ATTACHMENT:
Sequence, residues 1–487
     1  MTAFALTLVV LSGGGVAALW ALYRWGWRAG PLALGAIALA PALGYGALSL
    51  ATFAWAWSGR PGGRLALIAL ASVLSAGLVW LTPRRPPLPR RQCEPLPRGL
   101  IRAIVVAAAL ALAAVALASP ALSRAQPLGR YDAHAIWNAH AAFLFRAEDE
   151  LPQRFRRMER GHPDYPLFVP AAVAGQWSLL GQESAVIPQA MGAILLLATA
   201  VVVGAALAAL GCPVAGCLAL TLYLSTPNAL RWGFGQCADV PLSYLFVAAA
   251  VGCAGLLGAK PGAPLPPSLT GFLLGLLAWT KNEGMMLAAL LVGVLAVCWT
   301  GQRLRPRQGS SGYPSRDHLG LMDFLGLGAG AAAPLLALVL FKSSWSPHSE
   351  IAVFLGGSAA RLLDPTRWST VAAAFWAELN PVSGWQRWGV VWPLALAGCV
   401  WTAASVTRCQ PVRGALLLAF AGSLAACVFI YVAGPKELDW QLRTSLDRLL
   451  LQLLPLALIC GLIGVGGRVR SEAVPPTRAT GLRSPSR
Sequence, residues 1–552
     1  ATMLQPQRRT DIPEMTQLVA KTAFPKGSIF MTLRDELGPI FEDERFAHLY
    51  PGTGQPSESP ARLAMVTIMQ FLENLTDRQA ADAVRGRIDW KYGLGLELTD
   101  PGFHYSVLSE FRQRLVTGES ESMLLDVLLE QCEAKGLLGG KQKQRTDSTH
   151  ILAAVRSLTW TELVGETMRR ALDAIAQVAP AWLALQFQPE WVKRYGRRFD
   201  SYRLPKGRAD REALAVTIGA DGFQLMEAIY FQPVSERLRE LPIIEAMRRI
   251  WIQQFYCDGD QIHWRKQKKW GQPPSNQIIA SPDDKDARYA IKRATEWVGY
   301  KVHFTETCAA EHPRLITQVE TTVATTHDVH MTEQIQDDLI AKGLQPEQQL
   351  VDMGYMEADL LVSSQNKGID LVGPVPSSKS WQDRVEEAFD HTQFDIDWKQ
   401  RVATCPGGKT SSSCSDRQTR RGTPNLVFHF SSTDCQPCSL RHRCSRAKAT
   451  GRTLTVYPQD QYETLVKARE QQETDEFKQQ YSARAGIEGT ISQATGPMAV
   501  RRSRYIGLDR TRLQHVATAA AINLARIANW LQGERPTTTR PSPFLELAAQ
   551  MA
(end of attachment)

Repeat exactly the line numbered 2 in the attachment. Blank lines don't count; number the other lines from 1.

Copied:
     1  MTAFALTLVV LSGGGVAALW ALYRWGWRAG PLALGAIALA PALGYGALSL